William Blake, Thomas Hopkins, and others, were owners of the ship Unity; which said ship being at Jeffenapatan in the island of Ceilon in the Indies, the said Thomas Hopkins, and William Jourdan master of the said ship, hired a certain vessel, called a champan, being of the burden of sixty tons, and loaded on board of the said vessel and the said ship Unity, at or near Bengal, Hughes, and Ballafore, in the parts of the East, several goods and merchandizes to be carried and transported for Jeffenapatan aforesaid. And the said two vessels accordingly sailed away, and arrived at Jeffenapatan in January, 1657, and were in the factory there discharged and all unladen (except 80 bales of saltpetre, and six mauns of opium); and while the said vessels were at Jeffenapatan aforesaid, there came news, that a fleet of Dutch ships had taken three Portugal frigats at Jussicurre, and also the island Manar; and on the twenty-sixth of February, 1657, there came to Jeffenapatan from Manar a Dutch army in small vessels, and besieged the same (the fleet, that brought that army, being commanded by general Richloof, and one captain Vanderlaine). And it being commonly reported, that the Dutch, having many Blacks, Bandanesses, Amboineses, and of Javah in their army, had promised them a pardo, valuing one piece of eight per head for every white head of persons slain by them, that they should bring; the master and company of the said vessel Unity, and champan, were forced to fly for their lives, some to the Portugal fort, and others to the said ship Unity; and the next day after their flight the Dutch came and possessed themselves of the said English factory at Jessenapatan, and of all the goods there on account of the English, and particularly of the goods, that were brought in the said ship Unity, except those undelivered, as aforesaid; and utterly deprived the English of the same. The said ship Unity after the escape aforesaid, being ballasted, watered, and rigged at the isle of Cays, and sailing towards the port of Ballasore, was on the third of March, 1657, met with by a Dutch frigat, called the Massapore, being rear-admiral of the Dutch Pullacat fleet, commanded by schipper Andres; who after a whole day's chace came up with them, and commanded the master of the Unity on board them; where being come, they took him prisoner, and sent a corporal and two soldiers on board the Unity, and carried her to Negapatan, where they met the Dutch vice-admiral; and thence the Massapore frigat weighed with the Unity to seek the Dutch admiral; and sailing towards Tringcombar, met the said admiral named John Williamson in a fleet called the Pullacat, who ordered them to return back to Carrical, to speak with the chief Dutch merchant at Tringcombar, named Mr. Newland; and arriving there, and going on shore to him, the master of the Unity demanded of him, why they detained him and his ship and company, being English and in English service; who answered, that he had order from the lord Pitts governor of Pullacatt, and the lord Richloos the Dutch general, to seize all vessels and persons English or others trading or sailing to or from Jeffenapatan. And so the said Newland seized the said ship Unity with the said 8 bales of petre, 6 maunds of opium, and pieces of striped stuff, that were undelivered at Jeffenapatan aforesaid; and took the said goods out of Carricall, and laded the Unity with rice for Jeffenapatan, and sent the master of her and his company prisoners to Richloof; and being come to him, the said general and the lord Vanderlawne called them villains, and asked them how they durst come to trade with their enemies, and told them their ship and goods were lost; and that besides they deserved to be hanged. And the said general sent the said master and his company prisoners from place to place till the 27th of August, and then released them at Pullacatt; whereupon they went (being poor and tattered) to a place called Madraspatan, belonging to the English; and the said master at several places, in the Indies discoursing with the Dutch, touching the seizure of the English ships and goods in those parts, they always answered, that they followed the orders of their masters (meaning the Dutch East-India company); and what they did therein, their said masters would answer at home. By the seizure of which said ship Unity, and the goods aboard her, and the Champan aforesaid, the merchants interested are damnified to the value of 10046l. 7s. 6d.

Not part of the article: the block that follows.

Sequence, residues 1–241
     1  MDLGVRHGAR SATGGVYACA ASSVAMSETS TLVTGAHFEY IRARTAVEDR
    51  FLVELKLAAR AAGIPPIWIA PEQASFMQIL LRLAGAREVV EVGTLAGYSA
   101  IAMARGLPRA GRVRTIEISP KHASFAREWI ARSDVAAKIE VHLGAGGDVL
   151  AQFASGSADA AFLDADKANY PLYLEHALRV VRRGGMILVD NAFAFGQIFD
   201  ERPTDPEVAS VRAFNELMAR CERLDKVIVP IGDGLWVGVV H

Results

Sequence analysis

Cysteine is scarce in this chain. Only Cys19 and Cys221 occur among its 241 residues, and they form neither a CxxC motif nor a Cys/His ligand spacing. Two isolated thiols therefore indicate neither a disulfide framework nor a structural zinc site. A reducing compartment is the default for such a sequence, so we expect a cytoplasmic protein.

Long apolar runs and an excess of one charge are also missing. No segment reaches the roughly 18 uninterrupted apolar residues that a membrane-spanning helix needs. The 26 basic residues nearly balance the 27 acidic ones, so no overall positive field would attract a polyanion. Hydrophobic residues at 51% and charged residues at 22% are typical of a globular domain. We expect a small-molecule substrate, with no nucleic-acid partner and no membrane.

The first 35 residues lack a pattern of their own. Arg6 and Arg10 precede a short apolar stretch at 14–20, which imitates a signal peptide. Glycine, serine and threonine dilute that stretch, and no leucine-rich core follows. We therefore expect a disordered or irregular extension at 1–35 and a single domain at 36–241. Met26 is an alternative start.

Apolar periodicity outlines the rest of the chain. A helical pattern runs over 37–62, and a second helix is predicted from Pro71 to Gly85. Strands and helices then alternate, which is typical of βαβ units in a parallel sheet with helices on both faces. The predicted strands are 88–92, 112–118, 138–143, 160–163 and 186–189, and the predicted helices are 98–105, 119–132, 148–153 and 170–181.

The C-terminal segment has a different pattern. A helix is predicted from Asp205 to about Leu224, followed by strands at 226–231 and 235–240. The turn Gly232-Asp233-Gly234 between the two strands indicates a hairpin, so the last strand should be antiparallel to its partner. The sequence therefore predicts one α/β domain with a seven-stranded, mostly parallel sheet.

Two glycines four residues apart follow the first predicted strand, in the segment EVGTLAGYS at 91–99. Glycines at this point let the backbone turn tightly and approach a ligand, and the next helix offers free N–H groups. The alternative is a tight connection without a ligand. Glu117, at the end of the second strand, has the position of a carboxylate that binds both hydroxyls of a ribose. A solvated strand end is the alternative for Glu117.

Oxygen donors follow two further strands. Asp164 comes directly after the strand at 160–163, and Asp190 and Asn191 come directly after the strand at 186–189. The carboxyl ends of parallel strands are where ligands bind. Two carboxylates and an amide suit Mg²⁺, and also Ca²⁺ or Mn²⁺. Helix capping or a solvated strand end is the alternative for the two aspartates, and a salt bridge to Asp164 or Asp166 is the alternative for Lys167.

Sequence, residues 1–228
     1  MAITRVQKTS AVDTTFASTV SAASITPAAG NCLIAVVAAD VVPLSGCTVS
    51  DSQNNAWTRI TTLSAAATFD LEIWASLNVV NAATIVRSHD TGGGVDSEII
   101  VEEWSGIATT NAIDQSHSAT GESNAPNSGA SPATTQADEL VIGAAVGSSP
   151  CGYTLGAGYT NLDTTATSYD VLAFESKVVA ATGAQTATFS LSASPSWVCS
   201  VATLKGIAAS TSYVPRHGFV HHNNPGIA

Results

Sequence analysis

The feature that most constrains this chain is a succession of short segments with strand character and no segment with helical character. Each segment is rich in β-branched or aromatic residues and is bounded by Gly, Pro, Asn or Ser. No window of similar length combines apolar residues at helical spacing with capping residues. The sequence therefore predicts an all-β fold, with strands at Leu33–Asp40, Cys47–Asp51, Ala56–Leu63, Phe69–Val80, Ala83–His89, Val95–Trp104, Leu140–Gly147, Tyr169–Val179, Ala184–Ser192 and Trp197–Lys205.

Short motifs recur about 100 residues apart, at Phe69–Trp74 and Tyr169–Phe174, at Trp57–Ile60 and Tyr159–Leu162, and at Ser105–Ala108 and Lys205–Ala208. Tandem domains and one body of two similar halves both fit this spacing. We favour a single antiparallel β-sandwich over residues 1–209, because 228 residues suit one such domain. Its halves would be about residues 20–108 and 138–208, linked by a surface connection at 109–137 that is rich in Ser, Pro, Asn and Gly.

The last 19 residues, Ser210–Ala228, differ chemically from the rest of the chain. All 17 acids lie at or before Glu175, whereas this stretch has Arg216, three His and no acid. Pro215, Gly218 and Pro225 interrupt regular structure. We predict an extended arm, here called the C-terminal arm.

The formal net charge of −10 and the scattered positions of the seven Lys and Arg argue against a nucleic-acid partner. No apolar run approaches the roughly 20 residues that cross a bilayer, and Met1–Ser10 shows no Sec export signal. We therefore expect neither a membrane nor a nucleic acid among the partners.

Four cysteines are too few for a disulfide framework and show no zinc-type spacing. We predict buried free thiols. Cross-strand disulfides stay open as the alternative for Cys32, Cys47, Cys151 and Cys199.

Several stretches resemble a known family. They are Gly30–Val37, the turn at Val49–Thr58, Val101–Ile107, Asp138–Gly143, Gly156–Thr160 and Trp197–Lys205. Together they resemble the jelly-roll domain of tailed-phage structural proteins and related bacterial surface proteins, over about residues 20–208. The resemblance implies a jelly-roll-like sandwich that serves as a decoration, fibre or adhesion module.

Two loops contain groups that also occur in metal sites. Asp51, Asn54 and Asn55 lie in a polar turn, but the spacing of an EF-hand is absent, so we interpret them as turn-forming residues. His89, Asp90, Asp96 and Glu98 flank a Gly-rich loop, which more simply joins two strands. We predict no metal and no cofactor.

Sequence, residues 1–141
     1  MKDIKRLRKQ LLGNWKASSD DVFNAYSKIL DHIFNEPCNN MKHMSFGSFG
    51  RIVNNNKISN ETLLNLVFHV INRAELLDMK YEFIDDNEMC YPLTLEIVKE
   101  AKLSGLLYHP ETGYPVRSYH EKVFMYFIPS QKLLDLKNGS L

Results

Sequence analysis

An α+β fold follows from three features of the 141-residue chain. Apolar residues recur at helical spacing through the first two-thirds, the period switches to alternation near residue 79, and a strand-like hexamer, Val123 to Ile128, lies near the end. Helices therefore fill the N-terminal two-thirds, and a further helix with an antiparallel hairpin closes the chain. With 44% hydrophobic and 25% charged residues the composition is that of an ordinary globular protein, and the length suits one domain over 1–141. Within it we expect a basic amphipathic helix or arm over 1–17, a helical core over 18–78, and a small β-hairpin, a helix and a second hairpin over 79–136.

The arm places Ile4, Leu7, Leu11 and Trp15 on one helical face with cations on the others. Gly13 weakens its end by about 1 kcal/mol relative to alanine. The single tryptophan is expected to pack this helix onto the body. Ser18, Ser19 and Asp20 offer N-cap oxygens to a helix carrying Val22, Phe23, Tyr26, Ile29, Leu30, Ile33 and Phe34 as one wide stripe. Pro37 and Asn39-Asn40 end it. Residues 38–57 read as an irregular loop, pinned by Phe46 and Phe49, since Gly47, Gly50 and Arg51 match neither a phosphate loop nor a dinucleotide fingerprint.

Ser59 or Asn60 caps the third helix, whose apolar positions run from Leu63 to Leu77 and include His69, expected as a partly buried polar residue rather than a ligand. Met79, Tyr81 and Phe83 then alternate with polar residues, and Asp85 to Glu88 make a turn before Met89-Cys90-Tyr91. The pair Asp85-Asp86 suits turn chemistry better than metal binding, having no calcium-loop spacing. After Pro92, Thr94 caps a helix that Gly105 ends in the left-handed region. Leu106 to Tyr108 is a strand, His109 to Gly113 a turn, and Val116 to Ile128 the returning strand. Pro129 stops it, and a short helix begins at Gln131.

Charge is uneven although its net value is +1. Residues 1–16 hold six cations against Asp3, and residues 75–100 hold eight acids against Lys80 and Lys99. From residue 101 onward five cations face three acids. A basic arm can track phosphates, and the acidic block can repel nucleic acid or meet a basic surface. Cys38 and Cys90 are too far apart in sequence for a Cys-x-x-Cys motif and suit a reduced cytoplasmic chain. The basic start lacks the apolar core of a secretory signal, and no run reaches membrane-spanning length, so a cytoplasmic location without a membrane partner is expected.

The ships Advice, burden about 370 ton, Robert May commander, and the Dragon, of about 250 tons, Nicolas Baddiford commander, were in May, 1658, employed by the governor and company of English merchants, and laden with goods and money to a great value, and bound for Bantam in the East-Indies, and there to be reladed for England.
The Advice arrived at Anjar near Bantam, the 15th of October, 1658; and upon her arrival a praw was sent off from the English house to bring on board the fresh provisions under the command of one Peter Cook; who fearing himself to go on board in regard of some Dutch ships riding there, sent off a canoe with an English flag, and two of the company's servants, on board one of the Dutch ships, to know whether the praw might go on board or not. But the Dutch seized on the canoe, servants, and flags, and kept the same, and would not permit the said provisions to go on board: and the said ship Advice arriving the next day by the commander of the Dutch fleet under Pullapanjan, he surrounded the said ship with five Dutch ships, and commanded the English factors on board him. And although they acquainted the Dutch, who were their employers, and earnestly desired leave to go into Bantam road, and dispose of themselves according to commission; the Hollanders answered, That they had express command to the contrary from their general in Batavia; and without express order from him they would not permit them any access to Bantam, or to send thither, or to receive any thing from thence, or any advice. So that they were forced to send two persons to Batavia to treat with the Dutch general; but they returning no answer, the ship Advice failed thither.